Around this time, the new scientific discipline of Ecology was becoming recognized, and many ideas critical to sustainability were explored.
The birth of environmentalism
In the mid-20th century, after the shortages of the great depression and the horrors of World War II, the world dived into a new frenzy of ever-increasing growth. Sometimes called the “great acceleration,” the post-1950s was a flood of human initiative.
This period in history gave us plastics, nuclear power, synthetic chemicals, and the Green Revolution – that would later prove to be anything but “green.” It also gave us Silent Spring by Rachel Carson, the American environmentalist, marine biologist, and naturalist.
The budding environmental movement was counting the costs of the many material advantages now on offer. Developments in technology were all very well and good but were they worth the growing use of fossil fuels?
American geoscientist, M. King Hubbert posited his peak oil theory in 1956. And by the 1970s environmental concerns were focused on pollution, the population explosion, consumerism and the inevitable demise of nonrenewable resources. And there wasn’t anything funny about that.
Our wakeup call
The western world learned by the late 1970s just how much their economies relied on nonrenewable resources. Man had lived through the 1973 and 1979 energy crises and was reaping the rewards of unchecked development.
The heat was on when The International Union for Conservation of Nature published its World Conservation Strategy in 1980. This was followed by the World Charter for Nature in 1982, clearly showing the decline of the world’s ecosystems.
Yet faced with ongoing poverty and scarcity, developing countries still viewed development as the key to raise the living standards of their people.
In 1987, the term “sustainable development” entered the collective conscience for the first time with the publication of the report Our Common Future from the United Nation’s World Commission on Environment and Development (the Brundtland Commission).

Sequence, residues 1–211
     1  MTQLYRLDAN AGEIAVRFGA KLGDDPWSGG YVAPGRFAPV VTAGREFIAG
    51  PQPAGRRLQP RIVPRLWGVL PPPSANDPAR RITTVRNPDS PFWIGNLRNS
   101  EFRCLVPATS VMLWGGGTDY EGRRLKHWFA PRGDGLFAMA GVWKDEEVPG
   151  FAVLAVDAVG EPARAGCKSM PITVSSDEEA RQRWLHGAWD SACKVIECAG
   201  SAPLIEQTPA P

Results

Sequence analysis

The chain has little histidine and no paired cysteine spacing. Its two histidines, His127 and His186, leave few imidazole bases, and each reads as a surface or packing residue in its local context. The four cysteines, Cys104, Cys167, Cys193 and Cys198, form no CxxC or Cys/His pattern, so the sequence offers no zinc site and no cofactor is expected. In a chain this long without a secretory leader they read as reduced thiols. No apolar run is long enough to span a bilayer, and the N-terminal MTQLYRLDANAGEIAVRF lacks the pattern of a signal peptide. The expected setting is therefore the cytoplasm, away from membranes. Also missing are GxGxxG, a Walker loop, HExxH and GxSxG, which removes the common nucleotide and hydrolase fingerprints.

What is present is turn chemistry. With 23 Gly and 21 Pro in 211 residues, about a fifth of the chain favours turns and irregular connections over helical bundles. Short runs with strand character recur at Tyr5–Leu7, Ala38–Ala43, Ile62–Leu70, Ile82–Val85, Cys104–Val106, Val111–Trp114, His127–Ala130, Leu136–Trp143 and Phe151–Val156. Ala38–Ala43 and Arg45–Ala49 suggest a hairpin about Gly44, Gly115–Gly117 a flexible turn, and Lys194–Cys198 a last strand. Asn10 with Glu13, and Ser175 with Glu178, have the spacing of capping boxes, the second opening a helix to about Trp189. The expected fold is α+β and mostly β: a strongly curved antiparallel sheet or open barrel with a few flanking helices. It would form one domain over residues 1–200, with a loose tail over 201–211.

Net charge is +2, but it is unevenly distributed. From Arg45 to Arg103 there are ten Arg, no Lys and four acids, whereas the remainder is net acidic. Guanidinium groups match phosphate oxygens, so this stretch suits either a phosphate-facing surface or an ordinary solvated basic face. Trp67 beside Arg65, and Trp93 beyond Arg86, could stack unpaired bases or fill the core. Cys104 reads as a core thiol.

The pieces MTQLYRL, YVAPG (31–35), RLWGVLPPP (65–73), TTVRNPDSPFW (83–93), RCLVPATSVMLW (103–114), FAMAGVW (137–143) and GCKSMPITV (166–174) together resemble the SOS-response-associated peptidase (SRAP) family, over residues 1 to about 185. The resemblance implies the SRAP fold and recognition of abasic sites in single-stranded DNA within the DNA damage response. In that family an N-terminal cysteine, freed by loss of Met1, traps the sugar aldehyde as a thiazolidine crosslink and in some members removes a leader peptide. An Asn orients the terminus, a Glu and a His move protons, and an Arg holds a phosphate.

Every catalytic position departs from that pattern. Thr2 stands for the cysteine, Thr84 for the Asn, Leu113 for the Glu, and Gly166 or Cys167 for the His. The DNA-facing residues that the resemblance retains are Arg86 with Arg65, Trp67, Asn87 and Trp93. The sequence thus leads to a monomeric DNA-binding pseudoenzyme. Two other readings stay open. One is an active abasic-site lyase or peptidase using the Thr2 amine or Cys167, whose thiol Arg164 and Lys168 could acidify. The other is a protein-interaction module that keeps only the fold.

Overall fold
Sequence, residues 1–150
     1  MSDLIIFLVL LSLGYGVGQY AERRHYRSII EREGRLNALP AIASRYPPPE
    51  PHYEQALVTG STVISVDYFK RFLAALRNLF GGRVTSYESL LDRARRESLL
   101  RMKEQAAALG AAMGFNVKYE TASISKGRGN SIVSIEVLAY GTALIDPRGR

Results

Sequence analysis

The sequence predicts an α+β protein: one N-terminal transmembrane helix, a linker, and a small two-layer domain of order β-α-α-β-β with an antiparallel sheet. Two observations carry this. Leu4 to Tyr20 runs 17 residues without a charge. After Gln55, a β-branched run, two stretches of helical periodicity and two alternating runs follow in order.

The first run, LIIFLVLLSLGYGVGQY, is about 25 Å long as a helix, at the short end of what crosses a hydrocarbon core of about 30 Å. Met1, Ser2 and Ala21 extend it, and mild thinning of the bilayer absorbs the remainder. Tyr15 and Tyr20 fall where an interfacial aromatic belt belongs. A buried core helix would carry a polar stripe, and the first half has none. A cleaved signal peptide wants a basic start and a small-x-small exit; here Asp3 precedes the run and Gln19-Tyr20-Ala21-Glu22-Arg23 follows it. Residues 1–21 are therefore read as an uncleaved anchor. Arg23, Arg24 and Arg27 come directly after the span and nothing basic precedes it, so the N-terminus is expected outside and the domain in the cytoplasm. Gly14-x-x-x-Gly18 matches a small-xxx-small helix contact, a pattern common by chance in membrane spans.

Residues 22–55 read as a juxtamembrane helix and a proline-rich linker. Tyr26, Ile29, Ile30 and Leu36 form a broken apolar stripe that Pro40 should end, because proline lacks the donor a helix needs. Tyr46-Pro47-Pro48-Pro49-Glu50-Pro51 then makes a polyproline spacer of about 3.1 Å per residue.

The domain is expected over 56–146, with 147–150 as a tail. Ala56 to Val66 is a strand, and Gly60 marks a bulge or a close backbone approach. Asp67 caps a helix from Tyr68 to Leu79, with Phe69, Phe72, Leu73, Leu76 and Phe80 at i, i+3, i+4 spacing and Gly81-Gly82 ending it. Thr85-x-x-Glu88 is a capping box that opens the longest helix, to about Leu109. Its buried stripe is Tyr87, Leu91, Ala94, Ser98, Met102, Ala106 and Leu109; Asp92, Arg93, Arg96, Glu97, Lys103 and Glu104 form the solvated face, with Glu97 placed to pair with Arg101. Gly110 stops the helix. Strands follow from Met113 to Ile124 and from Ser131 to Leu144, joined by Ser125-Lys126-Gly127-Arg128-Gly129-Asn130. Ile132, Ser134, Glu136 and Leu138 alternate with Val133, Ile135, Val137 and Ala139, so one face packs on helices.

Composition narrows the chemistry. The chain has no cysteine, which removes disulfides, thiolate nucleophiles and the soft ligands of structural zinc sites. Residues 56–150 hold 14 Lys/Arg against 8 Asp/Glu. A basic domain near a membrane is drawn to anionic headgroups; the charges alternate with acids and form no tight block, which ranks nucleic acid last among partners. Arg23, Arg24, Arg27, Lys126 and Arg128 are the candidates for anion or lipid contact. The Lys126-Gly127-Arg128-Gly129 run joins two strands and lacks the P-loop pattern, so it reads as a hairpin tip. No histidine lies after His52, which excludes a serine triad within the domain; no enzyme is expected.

The report established that development was needed but only when it could help the poor without adding to environmental damage.
In the ‘70s and ‘80s, visionaries started to rise to the challenge. Renewable sources of energy were developed. Wind turbines, photovoltaics, and greater use of hydroelectricity gave us our first sustainable replacements for fossil fuel.
The 1980s and ‘90s, saw large-scale solar and wind power plants enter the playing field. Small-scale sustainability initiatives began to show up in state and local governments. And there was a growing public awareness that sustainable living meant embracing recycling and renewable energy.
Mankind’s demands on the planet over the last 45 years had more than doubled. Between 1961 and 2005, most countries had gone from meeting their own needs to the necessity of importing resources from other nations.
Thanks to the Intergovernmental Panel on Climate Change (IPCC), no one can be in the dark about the greenhouse effect. It’s no surprise that it’s our own fault. Years of bad management, coupled with the unchecked use of fossil fuels and deforestation, has brought us to this point.
Our new tomorrow
But it’s not all doom and gloom. New models for implementing sustainability are already here. Initiatives like electric cars, green building, recycling, and upcycling of used materials are all moves in the right direction.
We need the innovative thinkers who push solutions like sustainable investment, sustainable societies, and sustainable lifestyles.
In the words of Alan AtKisson, “Sustainability is Dead — Long Live Sustainability!”